Aged Care Royal Commission: Hobart Hearings Closing Day
Today was the final day of hearings in Hobart for the Aged Care Royal Commission.
For the third day in a row, Bupa South Hobart was the focus of the hearing. One witness gave evidence of her 90 year old mother’s experience at the facility in 2016, where staffing was so low, she would clean up after her incontinent husband, and at times help a blind resident go to the toilet.
From the 5 days of hearings this week, accounts like these have been told repeatedly, often occurring after Bupa South Hobart and Southern Cross Care Tasmania slashed care staff hours as a cost-cutting measure. This approach was labelled as ‘save a shift’ by Bupa, and utilised despite internal audits in 2016 showing that there were premature deaths and increased morbidity at the same time as staff cuts.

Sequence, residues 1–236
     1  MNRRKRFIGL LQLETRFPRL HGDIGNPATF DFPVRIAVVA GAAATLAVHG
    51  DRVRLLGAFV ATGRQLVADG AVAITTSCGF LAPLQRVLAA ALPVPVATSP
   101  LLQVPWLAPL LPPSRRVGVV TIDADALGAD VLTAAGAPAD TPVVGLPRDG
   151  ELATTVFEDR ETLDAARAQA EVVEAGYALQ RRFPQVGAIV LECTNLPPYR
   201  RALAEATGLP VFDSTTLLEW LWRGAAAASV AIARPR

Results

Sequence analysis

“I felt that with Bupa South Hobart there was an interest in cutting costs rather than caring for people,” witness Tiffany Wiles said. “That’s a very broad statement obviously but my general feeling was that the financial KPIs (Key Performance Indicators) were more important than the care KPIs.”
In closing of the hearing today, poor organisational governance at Bupa and Southern Cross Care was addressed, and how decisions at an executive level flow down to the floor, residents and their families.
One former care worker giving evidence stated “you don’t go and work in aged care for money, you do it to be in service of elderly people”.
Corporate gain cannot continue have precedence over care of the elderly and well being of nursing and care workers in Australia. The ANMF will continue to advocate for our members by campaigning for staff ratios in Aged Care to be urgently legislated to address the chronic under-staffing in aged care facilities. Why wait? Make them law NOW!